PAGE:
August 20, 2020
The Governor of California
President pro Tempore of the Senate
Speaker of the Assembly
Sacramento, California 95814
Dear Governor and Legislative Leaders:
As directed by the Joint Legislative Audit Committee, my office conducted an audit of the California Department of Corrections and Rehabilitation (Corrections), and the following report details the audit's findings and conclusions. Our assessment focused on the Integrated Services for Mentally Ill Parolees program (integrated services program), which has provided mental health and intensive case management services, as well as supportive housing, to parolees. In general, we determined that Corrections’ oversight of the program was poor. We also found that Corrections will need to take steps to successfully transition homeless parolees with mental illnesses to county services because the Budget Act of 2020 eliminates the program’s funding.
Corrections has not fulfilled its role in overseeing the program, and it has not demonstrated a clear link between the program’s services and reduced rates of reincarceration among participants, one of the Legislature’s primary intentions when establishing the program. Among the problematic conditions we observed were the following:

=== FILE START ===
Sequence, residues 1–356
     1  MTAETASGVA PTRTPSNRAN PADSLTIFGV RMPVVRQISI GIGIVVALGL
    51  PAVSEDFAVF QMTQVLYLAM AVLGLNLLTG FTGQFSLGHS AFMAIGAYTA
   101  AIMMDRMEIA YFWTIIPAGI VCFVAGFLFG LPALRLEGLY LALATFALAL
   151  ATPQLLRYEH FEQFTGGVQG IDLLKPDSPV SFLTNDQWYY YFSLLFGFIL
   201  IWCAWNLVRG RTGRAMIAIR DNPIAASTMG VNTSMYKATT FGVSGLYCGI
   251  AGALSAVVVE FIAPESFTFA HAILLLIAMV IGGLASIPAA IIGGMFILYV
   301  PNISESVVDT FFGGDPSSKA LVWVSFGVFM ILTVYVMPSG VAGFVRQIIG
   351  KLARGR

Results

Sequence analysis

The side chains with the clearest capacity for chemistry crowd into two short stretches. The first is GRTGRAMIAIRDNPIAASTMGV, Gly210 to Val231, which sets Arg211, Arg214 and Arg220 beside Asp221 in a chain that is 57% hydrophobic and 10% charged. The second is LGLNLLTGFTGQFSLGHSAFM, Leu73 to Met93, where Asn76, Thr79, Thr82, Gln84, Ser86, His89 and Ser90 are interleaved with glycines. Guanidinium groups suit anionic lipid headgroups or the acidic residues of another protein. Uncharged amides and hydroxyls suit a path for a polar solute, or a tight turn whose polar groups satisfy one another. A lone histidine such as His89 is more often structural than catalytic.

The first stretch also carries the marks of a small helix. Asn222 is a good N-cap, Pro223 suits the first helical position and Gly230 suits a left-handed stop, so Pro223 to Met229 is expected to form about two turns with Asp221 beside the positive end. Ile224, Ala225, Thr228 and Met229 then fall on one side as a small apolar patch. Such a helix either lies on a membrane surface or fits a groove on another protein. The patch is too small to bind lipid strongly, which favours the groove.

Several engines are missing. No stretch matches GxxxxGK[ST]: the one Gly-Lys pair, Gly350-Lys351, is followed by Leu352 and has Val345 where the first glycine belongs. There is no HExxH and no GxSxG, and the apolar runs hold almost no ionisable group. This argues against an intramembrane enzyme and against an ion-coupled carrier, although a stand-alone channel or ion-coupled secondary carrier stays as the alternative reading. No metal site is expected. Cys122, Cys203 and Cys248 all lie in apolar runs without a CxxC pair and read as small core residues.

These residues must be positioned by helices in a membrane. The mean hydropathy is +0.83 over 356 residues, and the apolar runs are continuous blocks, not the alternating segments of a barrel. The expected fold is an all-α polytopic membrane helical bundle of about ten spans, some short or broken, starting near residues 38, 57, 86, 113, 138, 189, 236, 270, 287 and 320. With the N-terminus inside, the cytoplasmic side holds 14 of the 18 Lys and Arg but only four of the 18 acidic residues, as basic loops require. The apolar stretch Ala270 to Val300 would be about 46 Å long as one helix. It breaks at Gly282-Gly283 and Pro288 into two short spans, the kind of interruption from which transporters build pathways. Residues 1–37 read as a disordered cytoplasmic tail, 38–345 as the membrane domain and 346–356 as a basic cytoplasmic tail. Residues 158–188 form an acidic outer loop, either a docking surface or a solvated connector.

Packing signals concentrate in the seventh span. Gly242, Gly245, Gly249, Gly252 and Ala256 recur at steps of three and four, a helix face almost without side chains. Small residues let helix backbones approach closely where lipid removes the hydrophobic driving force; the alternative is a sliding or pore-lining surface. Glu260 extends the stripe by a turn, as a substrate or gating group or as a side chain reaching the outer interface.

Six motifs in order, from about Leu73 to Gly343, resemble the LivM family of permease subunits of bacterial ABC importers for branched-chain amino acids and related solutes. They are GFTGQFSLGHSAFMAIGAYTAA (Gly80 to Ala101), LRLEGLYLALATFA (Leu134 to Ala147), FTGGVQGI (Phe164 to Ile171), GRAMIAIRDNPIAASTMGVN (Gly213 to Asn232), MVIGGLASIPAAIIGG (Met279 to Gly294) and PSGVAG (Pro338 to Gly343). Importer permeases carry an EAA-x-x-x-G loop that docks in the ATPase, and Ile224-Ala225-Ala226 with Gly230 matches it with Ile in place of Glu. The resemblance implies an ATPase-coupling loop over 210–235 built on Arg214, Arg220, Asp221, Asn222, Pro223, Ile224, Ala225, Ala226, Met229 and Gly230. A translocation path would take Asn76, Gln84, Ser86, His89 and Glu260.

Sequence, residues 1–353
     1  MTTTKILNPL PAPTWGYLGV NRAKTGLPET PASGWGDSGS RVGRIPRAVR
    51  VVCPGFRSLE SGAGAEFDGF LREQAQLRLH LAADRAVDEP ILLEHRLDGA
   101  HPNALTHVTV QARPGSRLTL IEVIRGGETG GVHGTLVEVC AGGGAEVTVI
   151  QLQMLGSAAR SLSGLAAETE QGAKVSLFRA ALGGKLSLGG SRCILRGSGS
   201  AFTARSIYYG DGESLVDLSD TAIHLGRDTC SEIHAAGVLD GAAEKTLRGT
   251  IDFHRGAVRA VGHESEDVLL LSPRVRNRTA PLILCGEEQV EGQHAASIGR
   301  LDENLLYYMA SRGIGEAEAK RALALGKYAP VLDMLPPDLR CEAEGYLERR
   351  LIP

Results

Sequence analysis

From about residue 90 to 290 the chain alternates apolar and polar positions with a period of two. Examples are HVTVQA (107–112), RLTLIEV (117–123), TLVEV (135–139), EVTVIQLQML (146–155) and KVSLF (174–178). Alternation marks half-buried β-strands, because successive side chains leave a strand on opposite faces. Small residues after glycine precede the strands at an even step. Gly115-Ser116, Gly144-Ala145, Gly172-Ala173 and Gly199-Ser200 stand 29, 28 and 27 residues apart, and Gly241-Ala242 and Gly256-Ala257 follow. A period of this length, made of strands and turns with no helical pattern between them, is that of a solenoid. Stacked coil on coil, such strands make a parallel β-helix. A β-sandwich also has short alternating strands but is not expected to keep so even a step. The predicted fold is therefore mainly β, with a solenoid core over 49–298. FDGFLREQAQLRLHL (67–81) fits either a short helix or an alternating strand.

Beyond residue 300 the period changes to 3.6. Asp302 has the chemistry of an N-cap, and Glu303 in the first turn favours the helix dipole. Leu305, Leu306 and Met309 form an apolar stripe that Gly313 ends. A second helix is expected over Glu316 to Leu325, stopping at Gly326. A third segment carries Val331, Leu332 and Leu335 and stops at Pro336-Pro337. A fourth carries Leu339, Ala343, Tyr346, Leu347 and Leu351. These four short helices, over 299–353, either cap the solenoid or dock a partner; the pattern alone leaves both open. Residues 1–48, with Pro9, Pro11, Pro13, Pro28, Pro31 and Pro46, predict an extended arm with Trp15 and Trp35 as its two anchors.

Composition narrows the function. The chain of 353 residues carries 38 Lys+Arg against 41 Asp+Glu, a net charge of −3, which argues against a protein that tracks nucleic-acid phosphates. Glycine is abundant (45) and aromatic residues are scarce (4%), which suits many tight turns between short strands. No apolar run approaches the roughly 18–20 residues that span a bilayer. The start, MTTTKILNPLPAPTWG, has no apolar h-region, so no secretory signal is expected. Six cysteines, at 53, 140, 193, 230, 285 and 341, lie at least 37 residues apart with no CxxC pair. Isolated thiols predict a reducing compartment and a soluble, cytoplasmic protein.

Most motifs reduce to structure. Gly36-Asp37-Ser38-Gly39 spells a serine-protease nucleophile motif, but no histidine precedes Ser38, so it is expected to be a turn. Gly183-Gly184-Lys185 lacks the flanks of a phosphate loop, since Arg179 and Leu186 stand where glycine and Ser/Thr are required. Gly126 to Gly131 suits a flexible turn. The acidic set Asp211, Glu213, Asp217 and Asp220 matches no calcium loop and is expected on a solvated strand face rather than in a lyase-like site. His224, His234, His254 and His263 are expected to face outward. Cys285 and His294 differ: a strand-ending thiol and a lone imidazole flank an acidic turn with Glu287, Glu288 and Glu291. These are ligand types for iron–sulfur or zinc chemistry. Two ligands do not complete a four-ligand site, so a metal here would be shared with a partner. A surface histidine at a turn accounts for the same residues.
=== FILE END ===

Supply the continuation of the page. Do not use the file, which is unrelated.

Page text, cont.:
- Corrections seldom conducted the meetings and on-site reviews outlined in its contracts with providers.
- Corrections chronically understaffed the program.
- Corrections was a poor steward of the public funds it received because it failed to verify providers’ housing reimbursement claims before paying them.
- Corrections could have saved $3.7 million per year had all the providers billed Medi-Cal for eligible services.
Moreover, Corrections lacks comprehensive, consistent data on program participation and services, which makes it impossible to reach conclusions about whether the program met its goals of lowering recidivism by stabilizing the health and housing of the parolees the program serves.
Our review also identified steps that Corrections can take to ensure that homeless parolees with mental illness receive the services they need after the program ends in December 2020. Even with the program ending, Corrections still has the responsibility to ensure that parolees safely re-enter their communities. Corrections faces a difficult task in finding adequate replacements for the program’s services; however, providing its parole agents with training, resources, and support are ways to mitigate the loss of the program and the effects that will have on parolees suffering from mental illness and homelessness.
ELAINE M. HOWLE, CPA
California State Auditor